The old Filipino bunkhouse is no longer used, and much has changed since Denis’ time. Except for bathrooms, today’s bunkhouses and mess halls were coed and unsegregated. The spartan, but clean, bunk rooms echoed an international hostel, housing three men or women, and no fishy smell. We lodged in Sockeye, a workers’ bunkhouse.

In the mess hall, some groups self-segregated, so I joined the Filipino table for meals and more insight on Denis’ 1915 experience. The Filipinos shared their stories and their cooked octopus, an item not on the mess hall menu. And, yes, their table had lots of rice and patis (Filipino fish sauce). I listened as new and repeat workers told me they were there to earn money, unchanged from Denis’ days. They seemed happy with conditions and appeared well fed: three daily very generous meals and two “mug-up” breaks.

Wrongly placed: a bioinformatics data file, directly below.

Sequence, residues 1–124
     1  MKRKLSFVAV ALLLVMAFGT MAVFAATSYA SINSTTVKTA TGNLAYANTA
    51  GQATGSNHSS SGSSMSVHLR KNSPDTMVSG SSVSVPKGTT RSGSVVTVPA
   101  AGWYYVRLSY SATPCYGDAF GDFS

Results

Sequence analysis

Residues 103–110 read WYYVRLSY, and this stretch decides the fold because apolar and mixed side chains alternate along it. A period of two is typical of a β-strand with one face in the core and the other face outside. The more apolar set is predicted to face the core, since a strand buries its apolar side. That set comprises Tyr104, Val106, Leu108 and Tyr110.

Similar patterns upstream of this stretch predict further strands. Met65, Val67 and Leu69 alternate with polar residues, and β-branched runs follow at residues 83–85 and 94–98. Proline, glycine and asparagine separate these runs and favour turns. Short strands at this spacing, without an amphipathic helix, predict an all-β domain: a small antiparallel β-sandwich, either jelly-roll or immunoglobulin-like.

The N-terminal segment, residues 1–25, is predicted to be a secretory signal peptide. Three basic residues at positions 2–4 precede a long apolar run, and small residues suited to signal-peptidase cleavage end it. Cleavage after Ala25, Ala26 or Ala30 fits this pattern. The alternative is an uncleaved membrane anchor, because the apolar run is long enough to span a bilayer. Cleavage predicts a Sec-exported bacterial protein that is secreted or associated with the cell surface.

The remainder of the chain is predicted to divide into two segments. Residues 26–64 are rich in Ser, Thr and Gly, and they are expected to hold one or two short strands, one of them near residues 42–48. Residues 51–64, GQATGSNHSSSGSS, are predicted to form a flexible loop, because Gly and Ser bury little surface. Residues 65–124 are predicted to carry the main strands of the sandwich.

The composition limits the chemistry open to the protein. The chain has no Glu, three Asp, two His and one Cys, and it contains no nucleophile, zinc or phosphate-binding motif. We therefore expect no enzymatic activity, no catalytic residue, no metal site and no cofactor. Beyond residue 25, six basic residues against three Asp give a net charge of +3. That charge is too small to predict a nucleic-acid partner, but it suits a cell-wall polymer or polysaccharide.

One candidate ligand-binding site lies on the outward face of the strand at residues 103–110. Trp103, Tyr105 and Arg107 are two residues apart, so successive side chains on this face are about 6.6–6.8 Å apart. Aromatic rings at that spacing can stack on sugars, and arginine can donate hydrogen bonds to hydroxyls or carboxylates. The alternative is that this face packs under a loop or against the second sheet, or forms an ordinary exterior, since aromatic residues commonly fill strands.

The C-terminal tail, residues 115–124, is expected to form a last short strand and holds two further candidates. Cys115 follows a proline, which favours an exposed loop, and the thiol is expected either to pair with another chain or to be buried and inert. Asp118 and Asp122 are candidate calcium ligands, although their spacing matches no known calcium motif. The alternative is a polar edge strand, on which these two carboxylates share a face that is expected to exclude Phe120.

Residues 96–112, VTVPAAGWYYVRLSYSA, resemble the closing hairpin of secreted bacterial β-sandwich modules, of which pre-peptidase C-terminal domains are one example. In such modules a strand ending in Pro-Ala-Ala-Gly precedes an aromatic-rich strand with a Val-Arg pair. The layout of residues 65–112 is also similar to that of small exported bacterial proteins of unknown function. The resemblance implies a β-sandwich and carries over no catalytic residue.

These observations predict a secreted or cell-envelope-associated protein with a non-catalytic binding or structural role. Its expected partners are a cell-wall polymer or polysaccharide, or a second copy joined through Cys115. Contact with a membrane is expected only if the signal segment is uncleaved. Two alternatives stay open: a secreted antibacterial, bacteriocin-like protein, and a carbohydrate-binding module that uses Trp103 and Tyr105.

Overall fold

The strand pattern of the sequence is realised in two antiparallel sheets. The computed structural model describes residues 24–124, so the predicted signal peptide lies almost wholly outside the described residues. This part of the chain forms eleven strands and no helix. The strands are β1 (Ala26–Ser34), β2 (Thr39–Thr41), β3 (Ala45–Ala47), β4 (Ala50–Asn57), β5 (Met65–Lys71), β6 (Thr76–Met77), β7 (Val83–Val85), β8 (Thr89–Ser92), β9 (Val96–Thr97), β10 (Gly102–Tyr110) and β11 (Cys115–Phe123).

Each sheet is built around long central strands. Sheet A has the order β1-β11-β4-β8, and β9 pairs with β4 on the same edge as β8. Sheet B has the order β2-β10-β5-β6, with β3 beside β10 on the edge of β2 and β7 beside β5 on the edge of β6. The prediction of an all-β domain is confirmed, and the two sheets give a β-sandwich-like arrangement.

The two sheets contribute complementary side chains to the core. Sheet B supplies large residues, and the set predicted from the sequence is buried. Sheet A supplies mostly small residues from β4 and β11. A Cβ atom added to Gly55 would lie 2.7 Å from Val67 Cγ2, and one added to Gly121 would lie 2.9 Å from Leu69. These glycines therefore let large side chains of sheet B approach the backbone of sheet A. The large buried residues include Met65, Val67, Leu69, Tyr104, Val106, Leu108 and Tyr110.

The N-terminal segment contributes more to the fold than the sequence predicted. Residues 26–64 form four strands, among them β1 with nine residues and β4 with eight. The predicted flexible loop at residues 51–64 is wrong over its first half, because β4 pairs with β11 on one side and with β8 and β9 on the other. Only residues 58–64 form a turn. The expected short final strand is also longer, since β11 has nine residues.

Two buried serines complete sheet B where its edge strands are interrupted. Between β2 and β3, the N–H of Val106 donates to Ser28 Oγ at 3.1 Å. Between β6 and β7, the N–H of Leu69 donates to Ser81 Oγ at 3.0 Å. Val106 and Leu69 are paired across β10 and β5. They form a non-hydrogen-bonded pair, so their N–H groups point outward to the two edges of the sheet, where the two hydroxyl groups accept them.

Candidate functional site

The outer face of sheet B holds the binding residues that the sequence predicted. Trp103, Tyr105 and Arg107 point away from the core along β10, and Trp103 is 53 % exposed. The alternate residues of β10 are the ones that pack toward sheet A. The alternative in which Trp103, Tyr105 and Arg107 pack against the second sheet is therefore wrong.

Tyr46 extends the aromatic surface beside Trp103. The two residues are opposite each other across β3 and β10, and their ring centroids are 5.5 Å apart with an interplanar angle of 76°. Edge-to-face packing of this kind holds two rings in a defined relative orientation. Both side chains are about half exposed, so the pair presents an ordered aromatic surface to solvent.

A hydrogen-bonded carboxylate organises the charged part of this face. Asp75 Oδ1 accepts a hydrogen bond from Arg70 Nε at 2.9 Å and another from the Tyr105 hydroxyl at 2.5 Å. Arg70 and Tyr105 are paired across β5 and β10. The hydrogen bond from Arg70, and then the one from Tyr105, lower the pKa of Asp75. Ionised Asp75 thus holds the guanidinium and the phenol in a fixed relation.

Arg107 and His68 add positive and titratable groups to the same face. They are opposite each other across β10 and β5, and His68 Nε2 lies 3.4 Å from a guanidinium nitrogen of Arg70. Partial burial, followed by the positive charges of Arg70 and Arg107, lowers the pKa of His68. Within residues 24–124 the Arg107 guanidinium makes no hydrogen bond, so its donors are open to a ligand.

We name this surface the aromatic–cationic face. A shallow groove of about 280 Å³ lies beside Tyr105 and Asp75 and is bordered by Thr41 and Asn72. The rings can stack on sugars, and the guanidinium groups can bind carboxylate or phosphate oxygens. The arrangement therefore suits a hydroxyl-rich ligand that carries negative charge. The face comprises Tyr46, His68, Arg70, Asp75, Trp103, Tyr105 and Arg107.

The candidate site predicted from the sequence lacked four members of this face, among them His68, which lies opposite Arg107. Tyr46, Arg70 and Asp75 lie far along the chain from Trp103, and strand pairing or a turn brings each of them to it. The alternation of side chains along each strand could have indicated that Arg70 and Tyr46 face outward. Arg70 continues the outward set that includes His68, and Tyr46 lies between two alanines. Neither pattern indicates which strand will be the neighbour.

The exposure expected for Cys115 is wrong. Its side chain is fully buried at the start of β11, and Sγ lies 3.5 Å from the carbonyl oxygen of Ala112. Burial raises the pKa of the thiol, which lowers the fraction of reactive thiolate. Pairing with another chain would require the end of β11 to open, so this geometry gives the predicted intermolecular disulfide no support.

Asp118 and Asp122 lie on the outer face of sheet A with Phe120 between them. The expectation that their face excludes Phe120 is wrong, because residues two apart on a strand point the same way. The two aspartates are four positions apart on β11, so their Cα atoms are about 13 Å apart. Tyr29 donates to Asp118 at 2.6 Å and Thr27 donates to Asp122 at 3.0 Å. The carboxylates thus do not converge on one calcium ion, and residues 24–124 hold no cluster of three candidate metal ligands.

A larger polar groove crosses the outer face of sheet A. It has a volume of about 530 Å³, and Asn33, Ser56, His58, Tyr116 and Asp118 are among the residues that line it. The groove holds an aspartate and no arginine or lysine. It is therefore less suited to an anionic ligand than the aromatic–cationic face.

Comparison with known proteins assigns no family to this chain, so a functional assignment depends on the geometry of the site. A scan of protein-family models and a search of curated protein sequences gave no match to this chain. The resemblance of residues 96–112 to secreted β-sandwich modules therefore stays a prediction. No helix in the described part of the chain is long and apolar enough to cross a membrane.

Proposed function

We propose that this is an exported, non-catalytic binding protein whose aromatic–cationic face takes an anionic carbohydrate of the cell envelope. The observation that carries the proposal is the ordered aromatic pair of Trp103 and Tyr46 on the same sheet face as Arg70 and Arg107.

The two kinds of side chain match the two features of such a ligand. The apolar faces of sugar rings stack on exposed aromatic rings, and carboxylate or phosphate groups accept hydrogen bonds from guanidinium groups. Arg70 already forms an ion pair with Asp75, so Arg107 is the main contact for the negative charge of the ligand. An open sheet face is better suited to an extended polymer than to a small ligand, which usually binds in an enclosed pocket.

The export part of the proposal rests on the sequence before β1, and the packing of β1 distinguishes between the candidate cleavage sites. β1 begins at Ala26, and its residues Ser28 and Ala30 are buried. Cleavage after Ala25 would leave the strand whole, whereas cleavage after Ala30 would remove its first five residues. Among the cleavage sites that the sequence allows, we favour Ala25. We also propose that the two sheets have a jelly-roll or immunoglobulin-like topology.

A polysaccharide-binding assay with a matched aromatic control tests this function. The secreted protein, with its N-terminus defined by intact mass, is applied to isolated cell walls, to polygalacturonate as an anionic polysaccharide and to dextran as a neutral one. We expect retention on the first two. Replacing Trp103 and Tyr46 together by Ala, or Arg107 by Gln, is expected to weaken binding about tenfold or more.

A store still sells goods for cash or credit. But it is independently operated. No exploitive company store these days. Daily posts matched workers with a job, with flexibility to meet changing needs for mess hall or cannery work. I observed no abusive labor practices, despite potential 16-18 hour days, processing a maximum capacity of 25,000 cases of salmon/day. The entire season of 1915 processed 58,790 cases.

On July 4, after the fish were processed—like 100 years ago—we all partied. Icicle’s staff went all out with festive red, white and blue decorations, fireworks, a pie-eating contest, three-legged relays carrying salmon, fish-tub boat races, burning a wooden salmon to appease the gods, and lots of food. Again, we ate with the Filipinos. They were pleased to hear about Denis and see his photos. (Scroll down on the link for July 4 stories and photos, and click on “Photos” for extras: